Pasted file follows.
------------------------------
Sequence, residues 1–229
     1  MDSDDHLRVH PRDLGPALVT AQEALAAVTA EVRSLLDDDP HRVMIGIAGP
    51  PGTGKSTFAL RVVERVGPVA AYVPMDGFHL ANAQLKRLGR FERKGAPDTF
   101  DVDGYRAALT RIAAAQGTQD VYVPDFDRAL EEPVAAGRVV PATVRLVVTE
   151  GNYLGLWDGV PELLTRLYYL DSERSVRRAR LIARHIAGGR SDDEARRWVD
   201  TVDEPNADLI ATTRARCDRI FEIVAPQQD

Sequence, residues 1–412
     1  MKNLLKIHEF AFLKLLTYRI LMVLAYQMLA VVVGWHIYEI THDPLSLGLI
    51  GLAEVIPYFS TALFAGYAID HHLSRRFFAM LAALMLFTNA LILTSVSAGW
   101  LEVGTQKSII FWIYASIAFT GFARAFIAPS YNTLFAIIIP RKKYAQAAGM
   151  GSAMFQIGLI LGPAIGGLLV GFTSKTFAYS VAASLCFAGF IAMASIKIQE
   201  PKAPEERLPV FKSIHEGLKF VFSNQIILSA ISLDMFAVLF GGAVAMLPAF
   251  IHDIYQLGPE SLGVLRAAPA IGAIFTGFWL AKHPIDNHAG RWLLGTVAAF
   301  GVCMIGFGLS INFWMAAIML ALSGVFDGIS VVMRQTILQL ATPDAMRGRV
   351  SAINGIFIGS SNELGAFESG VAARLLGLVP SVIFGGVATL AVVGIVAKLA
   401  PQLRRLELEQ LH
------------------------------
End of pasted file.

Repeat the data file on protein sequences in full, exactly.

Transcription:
Sequence, residues 1–229
     1  MDSDDHLRVH PRDLGPALVT AQEALAAVTA EVRSLLDDDP HRVMIGIAGP
    51  PGTGKSTFAL RVVERVGPVA AYVPMDGFHL ANAQLKRLGR FERKGAPDTF
   101  DVDGYRAALT RIAAAQGTQD VYVPDFDRAL EEPVAAGRVV PATVRLVVTE
   151  GNYLGLWDGV PELLTRLYYL DSERSVRRAR LIARHIAGGR SDDEARRWVD
   201  TVDEPNADLI ATTRARCDRI FEIVAPQQD

Sequence, residues 1–412
     1  MKNLLKIHEF AFLKLLTYRI LMVLAYQMLA VVVGWHIYEI THDPLSLGLI
    51  GLAEVIPYFS TALFAGYAID HHLSRRFFAM LAALMLFTNA LILTSVSAGW
   101  LEVGTQKSII FWIYASIAFT GFARAFIAPS YNTLFAIIIP RKKYAQAAGM
   151  GSAMFQIGLI LGPAIGGLLV GFTSKTFAYS VAASLCFAGF IAMASIKIQE
   201  PKAPEERLPV FKSIHEGLKF VFSNQIILSA ISLDMFAVLF GGAVAMLPAF
   251  IHDIYQLGPE SLGVLRAAPA IGAIFTGFWL AKHPIDNHAG RWLLGTVAAF
   301  GVCMIGFGLS INFWMAAIML ALSGVFDGIS VVMRQTILQL ATPDAMRGRV
   351  SAINGIFIGS SNELGAFESG VAARLLGLVP SVIFGGVATL AVVGIVAKLA
   401  PQLRRLELEQ LH